It's a matter of your money.
Over the past ten years, the City of Greensboro paid ReCommunity, a recycling company, $165,000 every year to haul away your paper, plastic, and glass.
That's $1.6 million but now, the city is looking to make money of the city's recyclables.
Read: City considers recycling bids
It started with four companies offering bids but now it's down to two.
The city council asked ReCommunity and Waste Management out of Winston-Salem to come back in two weeks with their best and final offer at Monday's City Council meeting.
A city department head says whatever company they choose, it will be good for Greensboro taxpayers because instead of spending money, the city will make money.
"If we can take an expenditure of $167,000 and turn it into a minimum of about a million dollars per year, that's going to be a positive for the city and citizens of Greensboro, said Dale Wyrick, Director, Field Operations, City of Greensboro.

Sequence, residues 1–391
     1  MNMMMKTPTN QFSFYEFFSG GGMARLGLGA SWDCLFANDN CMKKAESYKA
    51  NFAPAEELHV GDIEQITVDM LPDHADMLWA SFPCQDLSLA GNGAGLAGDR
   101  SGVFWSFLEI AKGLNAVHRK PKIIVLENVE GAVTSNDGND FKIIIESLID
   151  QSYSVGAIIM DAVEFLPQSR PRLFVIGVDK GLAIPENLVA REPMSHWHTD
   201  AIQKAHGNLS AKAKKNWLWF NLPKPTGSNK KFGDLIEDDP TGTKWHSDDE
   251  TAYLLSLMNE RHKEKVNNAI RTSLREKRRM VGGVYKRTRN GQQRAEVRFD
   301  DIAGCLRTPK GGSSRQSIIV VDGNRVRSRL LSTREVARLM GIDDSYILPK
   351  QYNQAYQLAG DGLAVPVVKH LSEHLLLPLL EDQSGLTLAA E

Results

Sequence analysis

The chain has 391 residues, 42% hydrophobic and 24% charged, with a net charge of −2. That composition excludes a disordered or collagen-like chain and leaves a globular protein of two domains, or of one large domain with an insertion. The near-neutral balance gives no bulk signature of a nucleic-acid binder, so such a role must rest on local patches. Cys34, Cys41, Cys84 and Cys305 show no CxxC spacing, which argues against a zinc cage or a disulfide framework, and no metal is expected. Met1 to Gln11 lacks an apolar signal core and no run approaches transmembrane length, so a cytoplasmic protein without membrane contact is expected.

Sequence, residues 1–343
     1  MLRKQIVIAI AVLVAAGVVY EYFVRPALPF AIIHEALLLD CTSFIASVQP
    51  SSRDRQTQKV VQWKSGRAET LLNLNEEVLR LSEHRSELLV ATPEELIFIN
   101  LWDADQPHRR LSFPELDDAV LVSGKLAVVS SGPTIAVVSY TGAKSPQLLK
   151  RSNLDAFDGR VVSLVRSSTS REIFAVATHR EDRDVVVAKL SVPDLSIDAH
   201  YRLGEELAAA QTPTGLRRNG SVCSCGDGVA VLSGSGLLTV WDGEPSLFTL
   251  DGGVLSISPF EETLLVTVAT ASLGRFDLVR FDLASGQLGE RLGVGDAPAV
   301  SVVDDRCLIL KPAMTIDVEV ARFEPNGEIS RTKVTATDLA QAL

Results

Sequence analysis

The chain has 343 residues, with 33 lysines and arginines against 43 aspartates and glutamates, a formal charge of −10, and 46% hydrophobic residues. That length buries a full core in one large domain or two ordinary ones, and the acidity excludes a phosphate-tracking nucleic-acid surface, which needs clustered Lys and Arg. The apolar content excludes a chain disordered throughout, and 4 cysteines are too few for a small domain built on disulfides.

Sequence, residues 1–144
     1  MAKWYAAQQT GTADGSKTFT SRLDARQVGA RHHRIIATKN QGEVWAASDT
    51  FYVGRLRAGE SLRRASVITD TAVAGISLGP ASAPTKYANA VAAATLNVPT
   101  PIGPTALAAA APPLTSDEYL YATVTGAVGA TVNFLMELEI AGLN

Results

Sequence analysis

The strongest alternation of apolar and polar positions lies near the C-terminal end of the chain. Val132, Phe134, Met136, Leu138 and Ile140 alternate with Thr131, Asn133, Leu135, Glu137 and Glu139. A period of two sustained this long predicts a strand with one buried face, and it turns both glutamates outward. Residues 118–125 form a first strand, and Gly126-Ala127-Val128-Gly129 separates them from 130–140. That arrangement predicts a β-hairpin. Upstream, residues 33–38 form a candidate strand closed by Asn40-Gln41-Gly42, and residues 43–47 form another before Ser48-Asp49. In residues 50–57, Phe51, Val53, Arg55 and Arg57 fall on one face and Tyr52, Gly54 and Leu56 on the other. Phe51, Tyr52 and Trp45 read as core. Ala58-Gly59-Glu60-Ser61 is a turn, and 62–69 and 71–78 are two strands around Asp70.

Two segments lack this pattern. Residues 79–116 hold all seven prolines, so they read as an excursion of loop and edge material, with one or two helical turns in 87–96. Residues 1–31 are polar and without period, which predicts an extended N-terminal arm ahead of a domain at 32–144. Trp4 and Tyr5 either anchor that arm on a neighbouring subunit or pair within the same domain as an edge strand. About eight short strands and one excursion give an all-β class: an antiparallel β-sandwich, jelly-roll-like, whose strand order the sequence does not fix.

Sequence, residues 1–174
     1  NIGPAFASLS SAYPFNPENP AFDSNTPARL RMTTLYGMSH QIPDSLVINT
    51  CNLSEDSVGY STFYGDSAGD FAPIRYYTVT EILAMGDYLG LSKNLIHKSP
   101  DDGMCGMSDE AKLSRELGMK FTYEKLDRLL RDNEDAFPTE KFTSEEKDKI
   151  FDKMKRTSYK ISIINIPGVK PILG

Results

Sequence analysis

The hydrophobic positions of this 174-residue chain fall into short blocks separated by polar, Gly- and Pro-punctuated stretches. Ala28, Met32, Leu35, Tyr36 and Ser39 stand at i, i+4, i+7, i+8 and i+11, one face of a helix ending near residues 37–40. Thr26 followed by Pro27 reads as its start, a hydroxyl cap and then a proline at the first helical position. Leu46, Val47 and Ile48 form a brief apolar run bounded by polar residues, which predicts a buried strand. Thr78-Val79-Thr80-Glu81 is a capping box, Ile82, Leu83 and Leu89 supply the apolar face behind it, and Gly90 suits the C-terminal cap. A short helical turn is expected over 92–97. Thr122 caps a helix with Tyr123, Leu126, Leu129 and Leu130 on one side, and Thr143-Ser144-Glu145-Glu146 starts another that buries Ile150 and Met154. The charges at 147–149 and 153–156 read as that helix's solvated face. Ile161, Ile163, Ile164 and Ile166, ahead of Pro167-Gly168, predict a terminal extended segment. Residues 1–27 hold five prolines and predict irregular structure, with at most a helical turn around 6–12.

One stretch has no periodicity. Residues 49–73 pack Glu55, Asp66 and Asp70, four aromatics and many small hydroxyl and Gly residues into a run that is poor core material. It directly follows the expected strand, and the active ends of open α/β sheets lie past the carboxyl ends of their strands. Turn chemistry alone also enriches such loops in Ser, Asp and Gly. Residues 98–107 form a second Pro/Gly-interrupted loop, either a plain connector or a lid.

One million dollars a year sounds like a pretty good deal but it's not something taxpayers are likely to feel in their wallet, at least not yet.
The city council has not made any decision on what they'll do with the hundreds of thousands of dollars in profit, but a deal like this will have more impact for taxpayers in their trash - what Greensboro residents are able to recycle.
"Right now, from a plastics standpoint, they can recycle number 1 and 2 plastics; in the future they'll be able to do all plastics from 1 through 7. Now the city does not take pizza boxes, they will do that in the future and they will also take milk cartons, cable tops retainers as well," explains Wyrick.
The City Council has asked the two recycling companies to submit their best and final offers by August 20th. The council will consider the bids at a special work session on September 10th and are expected to vote at the September 18th council meeting,
Originally, city leaders recommended for the council to go with a deal from ReCommunity.
That was a flat rate, ten year contract meaning no matter what happened to the commodities market, the city was guaranteed to make a profit. That check would have been approximately $880,000 a year.